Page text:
Certainly steering to the ugly is the revelation that when you fail, you will likely fail epically – unlike horseshoes and hand grenades, close may not count at all.  Professor Mollick’s study reports that the mean amount pledged for failed projects is 10.3% of the goal.  The average failed project received under $1,000 in pledges, compared to the average of $7,825 for successful projects.  Remember, Kickstarter is all or nothing, so you don’t get the 10.3%, it reverts to the backers.  The worst part about this (at least to me) is that it makes Kickstarter feel like the place movies go to die, just as much, or more so, than where movies go to live.  Perhaps it’s just the inevitable capitalistic cream rising to the top on Kickstarter, but if you’ve elected to spend a $10,000 budget on the video to raise the money for the Kickstarter campaign, versus putting that money toward scripting your feature, making a short movie, completing a business plan and private offering documents, attending film markets and festivals, and networking to potential investors – it seems by failing on Kickstarter, you’ve pretty much eliminated going back to the drawing board and trying to raise money for your film with a more traditional Plan B.  Seriously, after failing with Kickstarter, what are you going to say in your business plan if you’re being honest?  “I tried to raise money on Kickstarter but it appears that nobody really wanted to fund my project, even though they could have for even just one dollar.”  This failure is public.  This failure is never going away.  Such unabashed failure is simply not the most compelling disclosure to your potential investor, or project history on your documentary grant application.  Will the phenomenon of Kickstarter become newly synonymous with “one and done?”

More bad – the immensity of the time suck.  Every single individual I know that has actively conducted a Kickstarter campaign that has failed regaled me with stories of how much more work the campaign was than they thought it would be.  I’ve heard repeatedly that they were surprised about the amount of time, energy, and expense required.  I have been warned by 100% of those I’ve talked with that some overarching, cut through the noise “hook” for the campaign is required, coupled with an abundance of skills, and bodies, to throw at aggressive, 24/7 levels of social networking.  Professor Mollick agrees.  His study indicates that one of the most significant variables correlating with success is a project founder with 1000 Facebook friends How important was it?  Success jumped from 9% at 10 friends, to 40% at 1,000.   You do the math.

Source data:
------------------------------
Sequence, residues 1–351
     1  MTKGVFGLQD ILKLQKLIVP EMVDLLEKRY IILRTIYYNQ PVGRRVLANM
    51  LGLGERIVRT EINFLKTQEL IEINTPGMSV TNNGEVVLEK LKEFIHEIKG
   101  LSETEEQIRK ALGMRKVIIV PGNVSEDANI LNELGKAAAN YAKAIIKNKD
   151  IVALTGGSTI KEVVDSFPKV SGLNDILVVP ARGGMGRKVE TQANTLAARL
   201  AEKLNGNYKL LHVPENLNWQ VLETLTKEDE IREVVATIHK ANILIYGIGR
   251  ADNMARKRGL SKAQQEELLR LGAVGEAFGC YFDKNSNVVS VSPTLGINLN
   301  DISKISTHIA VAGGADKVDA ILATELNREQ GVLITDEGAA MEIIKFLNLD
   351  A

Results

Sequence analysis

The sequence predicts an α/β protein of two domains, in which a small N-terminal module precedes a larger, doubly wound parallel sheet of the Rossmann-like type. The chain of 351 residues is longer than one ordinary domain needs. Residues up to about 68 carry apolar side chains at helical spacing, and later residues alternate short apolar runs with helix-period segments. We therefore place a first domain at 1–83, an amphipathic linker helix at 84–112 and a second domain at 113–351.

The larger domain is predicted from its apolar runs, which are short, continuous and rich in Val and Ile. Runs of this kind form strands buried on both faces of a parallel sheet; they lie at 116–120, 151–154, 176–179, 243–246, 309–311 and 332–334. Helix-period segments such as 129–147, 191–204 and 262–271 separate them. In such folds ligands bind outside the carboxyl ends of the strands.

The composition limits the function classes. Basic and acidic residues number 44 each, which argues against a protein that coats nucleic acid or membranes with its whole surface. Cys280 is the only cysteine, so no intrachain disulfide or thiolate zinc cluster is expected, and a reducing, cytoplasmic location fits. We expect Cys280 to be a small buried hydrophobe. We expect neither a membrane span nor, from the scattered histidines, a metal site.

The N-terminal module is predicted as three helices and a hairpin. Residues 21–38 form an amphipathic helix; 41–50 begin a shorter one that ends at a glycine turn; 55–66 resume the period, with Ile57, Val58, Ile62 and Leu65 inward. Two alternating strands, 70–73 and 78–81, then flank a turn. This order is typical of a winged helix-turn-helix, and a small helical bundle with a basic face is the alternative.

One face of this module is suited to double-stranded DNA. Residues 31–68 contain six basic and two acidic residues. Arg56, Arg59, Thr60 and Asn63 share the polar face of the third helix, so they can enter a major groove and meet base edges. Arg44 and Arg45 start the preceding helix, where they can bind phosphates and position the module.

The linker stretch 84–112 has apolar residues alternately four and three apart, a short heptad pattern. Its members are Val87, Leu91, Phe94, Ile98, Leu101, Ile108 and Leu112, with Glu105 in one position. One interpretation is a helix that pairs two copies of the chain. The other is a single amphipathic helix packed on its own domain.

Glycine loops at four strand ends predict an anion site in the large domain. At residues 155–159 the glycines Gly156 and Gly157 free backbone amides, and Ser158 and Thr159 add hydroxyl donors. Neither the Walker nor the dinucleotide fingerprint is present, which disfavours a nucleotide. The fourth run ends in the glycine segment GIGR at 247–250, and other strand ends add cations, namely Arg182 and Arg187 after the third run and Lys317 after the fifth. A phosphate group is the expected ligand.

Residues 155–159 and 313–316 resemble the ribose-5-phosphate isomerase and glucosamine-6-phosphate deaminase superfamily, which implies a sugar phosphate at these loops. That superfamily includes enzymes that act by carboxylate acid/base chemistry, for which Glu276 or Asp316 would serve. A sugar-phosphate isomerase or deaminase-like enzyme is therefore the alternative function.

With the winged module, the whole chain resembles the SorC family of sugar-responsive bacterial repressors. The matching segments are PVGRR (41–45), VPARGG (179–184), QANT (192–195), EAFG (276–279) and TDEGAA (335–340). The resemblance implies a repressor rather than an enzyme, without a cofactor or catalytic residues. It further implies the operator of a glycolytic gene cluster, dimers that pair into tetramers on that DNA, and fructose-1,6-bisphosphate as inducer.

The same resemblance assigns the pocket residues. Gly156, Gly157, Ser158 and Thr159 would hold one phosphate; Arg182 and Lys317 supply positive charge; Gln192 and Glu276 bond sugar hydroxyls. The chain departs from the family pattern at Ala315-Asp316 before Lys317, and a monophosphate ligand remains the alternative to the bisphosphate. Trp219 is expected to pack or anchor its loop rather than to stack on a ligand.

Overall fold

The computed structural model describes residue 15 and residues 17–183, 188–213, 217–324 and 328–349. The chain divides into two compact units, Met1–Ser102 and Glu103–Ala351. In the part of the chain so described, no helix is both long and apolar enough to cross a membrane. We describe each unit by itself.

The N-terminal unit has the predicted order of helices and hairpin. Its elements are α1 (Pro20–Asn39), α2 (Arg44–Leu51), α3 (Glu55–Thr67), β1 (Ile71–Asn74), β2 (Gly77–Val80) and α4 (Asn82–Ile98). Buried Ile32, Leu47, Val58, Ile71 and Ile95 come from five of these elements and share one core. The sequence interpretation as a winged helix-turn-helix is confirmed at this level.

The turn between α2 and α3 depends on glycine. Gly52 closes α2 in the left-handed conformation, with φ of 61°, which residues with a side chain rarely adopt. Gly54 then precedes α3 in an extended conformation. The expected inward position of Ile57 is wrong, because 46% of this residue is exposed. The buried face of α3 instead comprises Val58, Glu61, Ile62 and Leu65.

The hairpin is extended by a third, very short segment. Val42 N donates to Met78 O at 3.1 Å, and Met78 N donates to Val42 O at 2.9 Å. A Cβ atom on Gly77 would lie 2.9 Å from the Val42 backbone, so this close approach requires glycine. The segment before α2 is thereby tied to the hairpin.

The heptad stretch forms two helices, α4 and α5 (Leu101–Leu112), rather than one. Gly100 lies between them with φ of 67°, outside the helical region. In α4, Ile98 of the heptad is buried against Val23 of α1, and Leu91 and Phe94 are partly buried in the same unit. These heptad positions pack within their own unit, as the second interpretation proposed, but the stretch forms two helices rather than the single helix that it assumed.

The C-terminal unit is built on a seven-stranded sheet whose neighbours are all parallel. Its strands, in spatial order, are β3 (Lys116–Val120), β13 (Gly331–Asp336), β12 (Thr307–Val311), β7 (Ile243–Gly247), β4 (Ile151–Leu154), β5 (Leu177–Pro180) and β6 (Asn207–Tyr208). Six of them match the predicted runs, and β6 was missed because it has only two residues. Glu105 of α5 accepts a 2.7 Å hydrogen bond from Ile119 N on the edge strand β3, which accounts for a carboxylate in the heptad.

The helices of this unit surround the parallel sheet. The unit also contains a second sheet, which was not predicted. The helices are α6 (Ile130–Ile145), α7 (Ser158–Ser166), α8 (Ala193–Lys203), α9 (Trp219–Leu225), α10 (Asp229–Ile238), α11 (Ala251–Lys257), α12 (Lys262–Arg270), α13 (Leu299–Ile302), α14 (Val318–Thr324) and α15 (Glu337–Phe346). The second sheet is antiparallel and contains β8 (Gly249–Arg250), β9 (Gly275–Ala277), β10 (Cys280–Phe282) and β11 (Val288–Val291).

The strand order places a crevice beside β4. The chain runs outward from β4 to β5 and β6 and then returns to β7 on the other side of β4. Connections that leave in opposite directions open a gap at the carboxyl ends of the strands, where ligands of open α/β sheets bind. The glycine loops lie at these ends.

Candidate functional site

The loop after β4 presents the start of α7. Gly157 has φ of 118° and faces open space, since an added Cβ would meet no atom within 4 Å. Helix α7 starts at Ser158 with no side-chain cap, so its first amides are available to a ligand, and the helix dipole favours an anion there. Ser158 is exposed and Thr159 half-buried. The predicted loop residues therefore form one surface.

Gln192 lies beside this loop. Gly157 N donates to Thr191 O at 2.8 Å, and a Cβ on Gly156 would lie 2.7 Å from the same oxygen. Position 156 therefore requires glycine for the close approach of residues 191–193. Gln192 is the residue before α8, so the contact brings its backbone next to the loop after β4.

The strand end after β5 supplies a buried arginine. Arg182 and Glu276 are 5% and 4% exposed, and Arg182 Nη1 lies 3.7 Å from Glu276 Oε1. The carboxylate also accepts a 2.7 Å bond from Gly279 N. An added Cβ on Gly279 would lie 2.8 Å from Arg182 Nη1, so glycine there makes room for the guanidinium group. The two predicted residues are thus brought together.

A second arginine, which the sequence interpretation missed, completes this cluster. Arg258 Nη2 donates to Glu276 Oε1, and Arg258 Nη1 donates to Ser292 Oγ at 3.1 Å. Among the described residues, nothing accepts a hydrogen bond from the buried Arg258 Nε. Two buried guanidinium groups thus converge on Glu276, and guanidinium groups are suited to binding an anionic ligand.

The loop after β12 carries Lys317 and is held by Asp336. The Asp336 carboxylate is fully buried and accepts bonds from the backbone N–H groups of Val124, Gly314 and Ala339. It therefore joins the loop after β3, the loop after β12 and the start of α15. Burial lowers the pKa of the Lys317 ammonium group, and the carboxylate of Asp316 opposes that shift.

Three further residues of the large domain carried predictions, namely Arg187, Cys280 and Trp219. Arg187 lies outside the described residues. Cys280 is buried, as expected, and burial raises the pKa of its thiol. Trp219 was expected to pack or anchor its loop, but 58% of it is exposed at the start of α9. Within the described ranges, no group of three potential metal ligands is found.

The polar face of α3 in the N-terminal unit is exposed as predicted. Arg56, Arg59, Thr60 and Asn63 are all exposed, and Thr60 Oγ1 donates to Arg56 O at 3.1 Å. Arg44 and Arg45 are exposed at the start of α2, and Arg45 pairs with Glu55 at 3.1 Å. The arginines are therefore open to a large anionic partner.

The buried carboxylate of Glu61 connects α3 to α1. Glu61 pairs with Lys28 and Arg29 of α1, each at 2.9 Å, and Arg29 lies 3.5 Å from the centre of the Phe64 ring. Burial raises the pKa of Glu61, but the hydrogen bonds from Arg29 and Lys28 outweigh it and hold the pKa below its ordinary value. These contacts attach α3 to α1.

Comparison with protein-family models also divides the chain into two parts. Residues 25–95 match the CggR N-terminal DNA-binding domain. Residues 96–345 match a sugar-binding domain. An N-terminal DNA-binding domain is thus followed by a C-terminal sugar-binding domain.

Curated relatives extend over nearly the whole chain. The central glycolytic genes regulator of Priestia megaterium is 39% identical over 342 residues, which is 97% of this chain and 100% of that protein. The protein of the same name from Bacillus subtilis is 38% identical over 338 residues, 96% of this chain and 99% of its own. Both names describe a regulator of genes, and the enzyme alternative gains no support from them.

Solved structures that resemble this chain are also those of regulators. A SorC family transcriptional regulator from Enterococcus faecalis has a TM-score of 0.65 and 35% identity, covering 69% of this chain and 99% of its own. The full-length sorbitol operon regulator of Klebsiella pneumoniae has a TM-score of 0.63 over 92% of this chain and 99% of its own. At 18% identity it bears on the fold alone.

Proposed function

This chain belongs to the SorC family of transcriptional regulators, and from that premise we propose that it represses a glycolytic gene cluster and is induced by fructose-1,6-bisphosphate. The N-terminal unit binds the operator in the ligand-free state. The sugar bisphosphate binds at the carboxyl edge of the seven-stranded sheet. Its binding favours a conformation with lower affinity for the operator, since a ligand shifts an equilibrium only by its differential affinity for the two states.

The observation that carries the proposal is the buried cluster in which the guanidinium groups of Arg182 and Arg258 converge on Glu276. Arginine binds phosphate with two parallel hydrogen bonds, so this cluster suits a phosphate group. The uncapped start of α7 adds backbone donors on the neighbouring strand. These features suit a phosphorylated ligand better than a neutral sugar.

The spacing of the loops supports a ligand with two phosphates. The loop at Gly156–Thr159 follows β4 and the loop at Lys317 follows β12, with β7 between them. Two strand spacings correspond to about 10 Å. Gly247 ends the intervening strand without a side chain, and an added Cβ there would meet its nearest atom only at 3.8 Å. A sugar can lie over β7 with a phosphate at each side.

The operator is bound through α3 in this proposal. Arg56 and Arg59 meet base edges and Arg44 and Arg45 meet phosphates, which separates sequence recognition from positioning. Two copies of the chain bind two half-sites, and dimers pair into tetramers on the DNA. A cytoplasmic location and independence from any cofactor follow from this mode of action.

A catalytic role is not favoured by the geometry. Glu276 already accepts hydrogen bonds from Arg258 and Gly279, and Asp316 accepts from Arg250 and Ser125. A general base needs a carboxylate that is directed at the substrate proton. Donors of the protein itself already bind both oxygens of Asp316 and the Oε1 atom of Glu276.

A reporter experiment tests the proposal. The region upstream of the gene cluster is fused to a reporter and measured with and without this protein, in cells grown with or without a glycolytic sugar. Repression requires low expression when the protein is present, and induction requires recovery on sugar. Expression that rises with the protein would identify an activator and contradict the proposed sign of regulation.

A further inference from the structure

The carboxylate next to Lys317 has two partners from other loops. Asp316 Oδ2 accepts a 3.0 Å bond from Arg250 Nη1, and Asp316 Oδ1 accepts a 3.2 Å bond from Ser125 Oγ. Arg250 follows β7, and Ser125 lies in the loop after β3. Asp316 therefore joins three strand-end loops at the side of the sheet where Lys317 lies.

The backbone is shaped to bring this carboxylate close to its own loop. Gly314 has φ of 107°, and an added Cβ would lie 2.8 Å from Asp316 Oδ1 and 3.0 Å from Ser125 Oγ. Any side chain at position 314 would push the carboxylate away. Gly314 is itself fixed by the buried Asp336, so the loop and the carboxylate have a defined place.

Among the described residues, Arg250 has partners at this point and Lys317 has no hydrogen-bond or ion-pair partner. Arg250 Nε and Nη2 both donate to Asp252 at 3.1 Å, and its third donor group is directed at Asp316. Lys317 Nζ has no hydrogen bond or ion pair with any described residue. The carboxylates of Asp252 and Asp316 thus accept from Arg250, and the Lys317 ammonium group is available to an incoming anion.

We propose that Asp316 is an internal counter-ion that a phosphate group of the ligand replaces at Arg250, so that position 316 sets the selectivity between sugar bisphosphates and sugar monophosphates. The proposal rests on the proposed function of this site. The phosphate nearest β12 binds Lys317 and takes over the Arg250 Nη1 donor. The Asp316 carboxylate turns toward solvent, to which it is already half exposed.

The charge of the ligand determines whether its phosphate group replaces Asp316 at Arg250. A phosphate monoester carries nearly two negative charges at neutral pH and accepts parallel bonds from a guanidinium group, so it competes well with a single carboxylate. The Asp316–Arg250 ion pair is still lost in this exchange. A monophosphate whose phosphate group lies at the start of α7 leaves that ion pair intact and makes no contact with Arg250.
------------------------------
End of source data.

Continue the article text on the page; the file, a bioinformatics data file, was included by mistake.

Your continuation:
Another “axe” would seem to be the diversion of resources from the things you want to do ­– make a film – to the things you have to do for Kickstarterwhich are make a promotional film and promotional plan for the campaign, campaign actively, and then fulfilling the campaign promises.  A booming industry has developed around Kickstarter campaigns, and for a fee, you can hire firms to make your campaign videos and run your campaign, including your social networking.  As money pours into the campaigns, the campaigns get better, it gets more difficult to stand out in the burgeoning crowd, and you spend even more time and money to keep up.  Do you have to keep up?  Unequivocally yes, according to Professor Mollick.   Make a great campaign video, get the attention of the Kickstarter staff and get “featured” – you’ll be in a select group where nearly 90% hit their goal. Just make a video, and your “group” hits the average funding rate for campaigns at 38%.  No video – your chance of success drops to 15%.  You’re smart.  You’ll make the campaign video the best you can, you’ll lobby for “featured” status, and you’ll socially network night and day. It’s the “gift” that keeps on taking.

A final “bad” thought – your life in the fulfillment warehouse.  While traditional investor management is an ongoing expense in both time and energy, I suspect that successful crowd funded filmmakers, after having so enjoyed identifying the clever rewards to grant can become a truly frustrated with the new burden carried at the back end.  If you’ve done your job and raised enough money to finance the creation of the rewards, fulfillment and the shipment of the rewards, and the customer service needs in what is effectively your newly minted online store, congratulations!   If you haven’t, as the filmmaker/producer, you’ll find yourself as the last man or woman standing in your garage in the middle of the swag pile, after everyone else has moved on to another project, and you get to spend your time packaging, licking, posting, and shipping, instead of marketing, selling, and festivaling your film – well, you’ll get through it eventually.

Watch for part two of this guest post, wherein Steve discusses potential changes coming down the pike with the JOBS Act and shares some best practices for using the crowd funding model.  Care to join the conversation? We’d love your comments.